Some people may not call a taxi if they are unsure where their location is, or the taxi cannot find them if they have given an incorrect location, so they feel as if they have no choice but to drive themselves home, even when they know they shouldn't. For people new to a base and country, they may not know the name of the place they are located. This application can help.

"It also maps out your location," Spencer explained. "So if you don't know exactly where you are you can easily send your location in a text message so you can be found. The text message is a map with a pin to show where you are."

The 100th LRS know there is a long way to go to eradicate drunk driving. However, if this application saves just one life, then it will have been worth the effort.

"We can't fully prevent DUI's, but we definitely want to lessen them within our squadron and hopefully one day the Air Force," Spencer stated. "Just now it is open to the 100th LRS to see how the trial run goes and how the squadron works with it. We hope that the whole Air Force will use it in the future and save lives throughout the world."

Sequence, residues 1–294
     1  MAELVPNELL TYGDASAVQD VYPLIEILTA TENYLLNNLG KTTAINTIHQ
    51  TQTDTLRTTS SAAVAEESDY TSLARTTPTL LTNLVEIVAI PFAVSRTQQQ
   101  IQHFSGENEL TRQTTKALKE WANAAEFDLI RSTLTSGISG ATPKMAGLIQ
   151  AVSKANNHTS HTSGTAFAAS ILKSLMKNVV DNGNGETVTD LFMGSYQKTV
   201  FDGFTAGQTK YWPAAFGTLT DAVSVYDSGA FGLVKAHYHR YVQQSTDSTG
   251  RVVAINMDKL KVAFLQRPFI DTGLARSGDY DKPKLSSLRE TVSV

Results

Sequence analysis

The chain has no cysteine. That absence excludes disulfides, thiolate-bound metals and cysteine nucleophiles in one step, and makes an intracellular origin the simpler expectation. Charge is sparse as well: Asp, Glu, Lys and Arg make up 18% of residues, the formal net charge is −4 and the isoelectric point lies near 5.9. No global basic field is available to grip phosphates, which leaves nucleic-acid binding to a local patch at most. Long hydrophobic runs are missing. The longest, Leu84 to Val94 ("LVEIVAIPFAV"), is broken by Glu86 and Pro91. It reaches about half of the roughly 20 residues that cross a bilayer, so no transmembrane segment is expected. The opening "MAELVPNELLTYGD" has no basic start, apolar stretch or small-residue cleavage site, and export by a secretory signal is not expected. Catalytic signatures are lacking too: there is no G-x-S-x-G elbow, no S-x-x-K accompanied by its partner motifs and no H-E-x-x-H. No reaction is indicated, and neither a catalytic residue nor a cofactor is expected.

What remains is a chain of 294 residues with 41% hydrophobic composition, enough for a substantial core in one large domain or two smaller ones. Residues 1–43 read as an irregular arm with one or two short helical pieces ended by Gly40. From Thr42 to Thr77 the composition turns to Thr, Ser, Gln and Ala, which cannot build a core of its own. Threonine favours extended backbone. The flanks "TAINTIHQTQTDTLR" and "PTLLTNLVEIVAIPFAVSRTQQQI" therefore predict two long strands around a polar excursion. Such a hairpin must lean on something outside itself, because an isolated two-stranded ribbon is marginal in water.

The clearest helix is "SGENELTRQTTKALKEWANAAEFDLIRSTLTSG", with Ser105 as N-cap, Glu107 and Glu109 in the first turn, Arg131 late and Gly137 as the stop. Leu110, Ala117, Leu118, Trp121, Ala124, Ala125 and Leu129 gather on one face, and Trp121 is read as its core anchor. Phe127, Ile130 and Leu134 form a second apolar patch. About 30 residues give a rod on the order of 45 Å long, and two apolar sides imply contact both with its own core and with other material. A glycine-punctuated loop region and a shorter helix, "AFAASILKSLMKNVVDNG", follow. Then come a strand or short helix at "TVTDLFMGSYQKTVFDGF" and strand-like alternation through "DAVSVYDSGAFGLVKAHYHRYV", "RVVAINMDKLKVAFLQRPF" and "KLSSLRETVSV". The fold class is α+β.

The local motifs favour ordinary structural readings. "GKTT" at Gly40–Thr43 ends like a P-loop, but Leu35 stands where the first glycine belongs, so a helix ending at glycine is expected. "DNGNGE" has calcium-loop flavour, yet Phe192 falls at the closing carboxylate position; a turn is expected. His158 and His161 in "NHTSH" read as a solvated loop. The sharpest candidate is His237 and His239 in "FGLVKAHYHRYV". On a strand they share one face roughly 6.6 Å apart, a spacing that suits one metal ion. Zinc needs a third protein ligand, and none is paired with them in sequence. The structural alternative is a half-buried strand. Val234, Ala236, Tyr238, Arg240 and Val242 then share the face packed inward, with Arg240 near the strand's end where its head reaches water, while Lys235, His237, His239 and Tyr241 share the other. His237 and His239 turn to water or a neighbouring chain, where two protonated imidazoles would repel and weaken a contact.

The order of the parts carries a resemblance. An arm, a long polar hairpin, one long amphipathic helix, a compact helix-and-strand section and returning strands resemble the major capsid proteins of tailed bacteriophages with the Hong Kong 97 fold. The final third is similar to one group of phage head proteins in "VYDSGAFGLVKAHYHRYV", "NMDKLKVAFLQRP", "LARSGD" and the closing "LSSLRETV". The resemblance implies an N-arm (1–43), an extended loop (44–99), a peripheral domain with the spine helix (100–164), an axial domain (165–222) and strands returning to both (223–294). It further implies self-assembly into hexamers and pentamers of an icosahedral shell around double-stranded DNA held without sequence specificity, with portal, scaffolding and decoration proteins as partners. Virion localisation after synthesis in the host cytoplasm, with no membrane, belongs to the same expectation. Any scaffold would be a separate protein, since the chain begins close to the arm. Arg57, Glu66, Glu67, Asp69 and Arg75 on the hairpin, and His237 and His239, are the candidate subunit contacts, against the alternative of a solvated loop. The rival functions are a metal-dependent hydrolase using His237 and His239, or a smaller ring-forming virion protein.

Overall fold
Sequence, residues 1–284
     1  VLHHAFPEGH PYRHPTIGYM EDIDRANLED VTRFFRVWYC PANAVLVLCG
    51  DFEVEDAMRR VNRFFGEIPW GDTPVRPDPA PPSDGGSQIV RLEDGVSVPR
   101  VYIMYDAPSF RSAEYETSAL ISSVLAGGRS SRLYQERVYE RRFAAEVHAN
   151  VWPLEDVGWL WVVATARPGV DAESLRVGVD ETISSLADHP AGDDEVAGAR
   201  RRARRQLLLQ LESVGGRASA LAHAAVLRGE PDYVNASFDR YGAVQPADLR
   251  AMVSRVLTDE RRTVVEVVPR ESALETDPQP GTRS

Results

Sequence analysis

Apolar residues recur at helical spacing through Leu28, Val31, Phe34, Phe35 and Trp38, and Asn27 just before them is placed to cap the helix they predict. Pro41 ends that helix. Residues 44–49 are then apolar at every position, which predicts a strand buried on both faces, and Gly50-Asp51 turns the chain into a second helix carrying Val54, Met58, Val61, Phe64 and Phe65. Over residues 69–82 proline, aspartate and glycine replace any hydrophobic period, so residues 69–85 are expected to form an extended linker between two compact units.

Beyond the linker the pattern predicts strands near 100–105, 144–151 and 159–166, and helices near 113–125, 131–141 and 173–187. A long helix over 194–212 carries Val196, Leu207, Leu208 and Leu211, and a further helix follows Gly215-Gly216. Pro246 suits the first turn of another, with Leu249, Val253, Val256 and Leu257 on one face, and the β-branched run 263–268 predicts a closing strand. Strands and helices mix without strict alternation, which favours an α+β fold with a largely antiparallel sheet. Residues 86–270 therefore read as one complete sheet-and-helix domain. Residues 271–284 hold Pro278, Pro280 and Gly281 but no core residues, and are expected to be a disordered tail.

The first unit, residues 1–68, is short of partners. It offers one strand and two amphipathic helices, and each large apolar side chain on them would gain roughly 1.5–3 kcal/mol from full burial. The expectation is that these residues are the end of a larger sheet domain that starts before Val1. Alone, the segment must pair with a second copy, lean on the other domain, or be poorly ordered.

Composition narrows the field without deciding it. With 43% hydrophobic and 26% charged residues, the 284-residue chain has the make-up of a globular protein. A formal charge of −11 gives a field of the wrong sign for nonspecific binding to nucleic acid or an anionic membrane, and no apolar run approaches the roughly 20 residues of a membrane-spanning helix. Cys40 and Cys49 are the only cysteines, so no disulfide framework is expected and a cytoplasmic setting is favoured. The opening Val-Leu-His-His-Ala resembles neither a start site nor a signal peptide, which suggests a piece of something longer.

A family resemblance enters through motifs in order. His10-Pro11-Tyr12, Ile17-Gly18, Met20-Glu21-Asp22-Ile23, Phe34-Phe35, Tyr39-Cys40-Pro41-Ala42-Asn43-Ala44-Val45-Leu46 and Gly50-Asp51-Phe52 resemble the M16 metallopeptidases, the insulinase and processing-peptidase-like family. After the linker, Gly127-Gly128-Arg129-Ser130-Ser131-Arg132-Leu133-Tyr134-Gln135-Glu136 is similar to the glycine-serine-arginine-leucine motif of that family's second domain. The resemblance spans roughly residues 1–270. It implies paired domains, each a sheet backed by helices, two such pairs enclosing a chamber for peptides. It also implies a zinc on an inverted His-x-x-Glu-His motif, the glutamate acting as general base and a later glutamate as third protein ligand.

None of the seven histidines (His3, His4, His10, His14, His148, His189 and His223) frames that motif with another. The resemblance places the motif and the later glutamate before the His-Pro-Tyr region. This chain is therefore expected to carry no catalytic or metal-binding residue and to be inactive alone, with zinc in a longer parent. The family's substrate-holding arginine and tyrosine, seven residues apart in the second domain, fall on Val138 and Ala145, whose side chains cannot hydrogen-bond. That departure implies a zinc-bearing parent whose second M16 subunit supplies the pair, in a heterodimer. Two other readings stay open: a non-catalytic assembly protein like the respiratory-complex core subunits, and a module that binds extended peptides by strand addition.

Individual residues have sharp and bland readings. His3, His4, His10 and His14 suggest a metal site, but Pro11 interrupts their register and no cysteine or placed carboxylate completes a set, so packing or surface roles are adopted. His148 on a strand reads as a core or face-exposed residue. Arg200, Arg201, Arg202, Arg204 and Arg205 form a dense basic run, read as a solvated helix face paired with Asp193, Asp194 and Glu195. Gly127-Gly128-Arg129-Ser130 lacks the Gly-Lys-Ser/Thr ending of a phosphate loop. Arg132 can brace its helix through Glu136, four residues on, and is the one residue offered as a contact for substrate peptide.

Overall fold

Boswell is proud of what his Airman has achieved.

"As Airmen we often celebrate renovation of ideas vice embracing and fostering innovation," Boswell explained. "Airman Spencer has exhibited true innovation and creativity and has excelled far beyond my expectations."

Currently the application is completed but in the testing stage to iron out any problems before rolling out across the squadron, and potentially the world.